Contemplating Cronehood
by Jeanetta Calhoun Mish

My vision no longer sharp without glasses,
I lean in to the mirror, turn on all the lights
my long straight hair shining silver in the glare.
Here, a new wrinkle—there, a forgotten scar.
A triangular stretch of neck-tendons I thought
belonged to my mother seines my hair-sprouted
chin. A permanent crease survives where dimples
had been. Irises faded from youth’s spring-stem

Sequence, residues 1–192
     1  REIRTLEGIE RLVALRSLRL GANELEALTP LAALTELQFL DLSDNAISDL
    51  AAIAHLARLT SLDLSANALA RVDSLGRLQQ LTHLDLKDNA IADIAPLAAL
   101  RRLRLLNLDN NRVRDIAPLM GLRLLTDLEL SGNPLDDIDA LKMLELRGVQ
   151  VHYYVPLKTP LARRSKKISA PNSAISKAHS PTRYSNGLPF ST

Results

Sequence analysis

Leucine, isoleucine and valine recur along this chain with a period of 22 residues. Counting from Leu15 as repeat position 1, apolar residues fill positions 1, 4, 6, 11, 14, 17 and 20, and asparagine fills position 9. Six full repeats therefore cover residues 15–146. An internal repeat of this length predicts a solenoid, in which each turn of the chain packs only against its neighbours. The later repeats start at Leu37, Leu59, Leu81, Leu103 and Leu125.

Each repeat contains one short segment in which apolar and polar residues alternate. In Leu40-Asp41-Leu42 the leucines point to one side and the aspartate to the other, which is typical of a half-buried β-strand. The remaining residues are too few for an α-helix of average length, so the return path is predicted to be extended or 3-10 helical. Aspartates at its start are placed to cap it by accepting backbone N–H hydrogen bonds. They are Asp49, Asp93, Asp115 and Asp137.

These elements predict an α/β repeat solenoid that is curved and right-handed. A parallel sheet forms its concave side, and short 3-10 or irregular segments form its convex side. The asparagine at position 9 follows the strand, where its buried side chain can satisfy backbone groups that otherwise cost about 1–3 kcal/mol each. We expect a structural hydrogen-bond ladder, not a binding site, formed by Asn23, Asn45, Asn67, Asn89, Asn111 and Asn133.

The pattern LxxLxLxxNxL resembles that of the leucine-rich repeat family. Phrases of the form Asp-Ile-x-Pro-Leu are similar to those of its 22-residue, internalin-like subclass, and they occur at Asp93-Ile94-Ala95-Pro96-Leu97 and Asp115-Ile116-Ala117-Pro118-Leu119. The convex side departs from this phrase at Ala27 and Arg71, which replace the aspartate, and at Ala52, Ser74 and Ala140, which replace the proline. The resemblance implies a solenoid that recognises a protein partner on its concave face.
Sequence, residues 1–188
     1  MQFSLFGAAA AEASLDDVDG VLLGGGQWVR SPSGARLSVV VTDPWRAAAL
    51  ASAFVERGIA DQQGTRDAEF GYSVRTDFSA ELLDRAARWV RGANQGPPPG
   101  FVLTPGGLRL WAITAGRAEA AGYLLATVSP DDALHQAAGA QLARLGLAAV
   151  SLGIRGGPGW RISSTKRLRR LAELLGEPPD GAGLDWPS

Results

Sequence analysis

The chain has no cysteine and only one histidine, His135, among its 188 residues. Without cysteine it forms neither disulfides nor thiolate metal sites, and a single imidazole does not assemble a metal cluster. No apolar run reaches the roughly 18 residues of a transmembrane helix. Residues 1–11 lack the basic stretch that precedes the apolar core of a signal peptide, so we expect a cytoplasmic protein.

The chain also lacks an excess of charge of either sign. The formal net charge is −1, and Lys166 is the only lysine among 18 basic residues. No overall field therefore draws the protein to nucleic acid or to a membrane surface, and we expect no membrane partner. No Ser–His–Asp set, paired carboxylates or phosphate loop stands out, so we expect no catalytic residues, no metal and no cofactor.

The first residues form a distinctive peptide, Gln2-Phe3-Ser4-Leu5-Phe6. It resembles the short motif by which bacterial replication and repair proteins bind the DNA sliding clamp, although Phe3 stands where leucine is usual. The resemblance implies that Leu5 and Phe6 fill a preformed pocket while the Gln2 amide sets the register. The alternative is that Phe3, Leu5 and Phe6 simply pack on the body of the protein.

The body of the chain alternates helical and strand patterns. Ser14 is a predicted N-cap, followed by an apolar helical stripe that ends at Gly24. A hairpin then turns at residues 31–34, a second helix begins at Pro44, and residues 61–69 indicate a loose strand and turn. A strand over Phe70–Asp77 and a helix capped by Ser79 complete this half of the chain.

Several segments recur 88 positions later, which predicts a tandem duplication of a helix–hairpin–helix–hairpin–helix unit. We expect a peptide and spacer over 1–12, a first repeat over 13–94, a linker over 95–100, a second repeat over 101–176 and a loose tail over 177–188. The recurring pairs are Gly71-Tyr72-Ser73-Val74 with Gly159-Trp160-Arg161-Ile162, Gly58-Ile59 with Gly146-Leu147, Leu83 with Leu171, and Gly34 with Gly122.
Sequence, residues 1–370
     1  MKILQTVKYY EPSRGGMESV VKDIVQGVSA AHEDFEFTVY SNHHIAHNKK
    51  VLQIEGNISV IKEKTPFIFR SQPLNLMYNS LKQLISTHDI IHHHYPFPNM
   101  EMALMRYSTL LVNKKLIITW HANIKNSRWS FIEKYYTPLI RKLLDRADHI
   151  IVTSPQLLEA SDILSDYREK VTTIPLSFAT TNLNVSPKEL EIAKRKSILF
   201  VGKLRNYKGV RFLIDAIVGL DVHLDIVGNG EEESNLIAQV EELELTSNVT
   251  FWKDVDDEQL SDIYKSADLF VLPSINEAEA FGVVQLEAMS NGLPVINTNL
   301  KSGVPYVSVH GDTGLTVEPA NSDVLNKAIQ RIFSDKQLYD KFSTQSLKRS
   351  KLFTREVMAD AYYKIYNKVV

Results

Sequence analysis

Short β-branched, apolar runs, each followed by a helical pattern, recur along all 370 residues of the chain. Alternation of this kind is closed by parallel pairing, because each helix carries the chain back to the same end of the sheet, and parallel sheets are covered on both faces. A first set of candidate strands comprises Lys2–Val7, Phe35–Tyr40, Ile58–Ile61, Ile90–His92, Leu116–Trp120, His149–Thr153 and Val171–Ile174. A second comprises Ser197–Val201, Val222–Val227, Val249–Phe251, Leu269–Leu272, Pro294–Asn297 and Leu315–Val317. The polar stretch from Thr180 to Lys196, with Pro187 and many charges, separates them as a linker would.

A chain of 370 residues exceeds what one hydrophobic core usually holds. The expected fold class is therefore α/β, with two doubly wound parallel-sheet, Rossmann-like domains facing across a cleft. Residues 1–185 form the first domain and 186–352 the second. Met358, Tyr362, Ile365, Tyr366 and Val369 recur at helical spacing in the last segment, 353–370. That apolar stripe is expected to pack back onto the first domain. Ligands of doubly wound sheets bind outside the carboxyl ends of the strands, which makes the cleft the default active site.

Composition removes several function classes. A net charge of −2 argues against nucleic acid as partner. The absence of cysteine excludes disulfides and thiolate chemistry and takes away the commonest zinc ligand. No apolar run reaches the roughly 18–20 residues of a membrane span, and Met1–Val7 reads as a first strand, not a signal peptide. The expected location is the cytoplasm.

green to maturity’s olive drab, color of fatigue.

Vanity is the granddaughter of emptiness,
a futile resistance against the weathering
of time and its inexorable embarrassments.
I strive to grow old gracefully, to become
a wise, venerable woman. Yet, I buy cheap
face cream at CVS—it promises a semblance
of youth. Henna sits unused in a box below
the sink, the small pot of eye cream awaits.
I listen for foremothers’ riposte—no answer.

Copyright 2023 by Red River Review. First Rights Reserved. All other rights revert to the authors.
No work may be reproduced or republished without the express written consent of the author.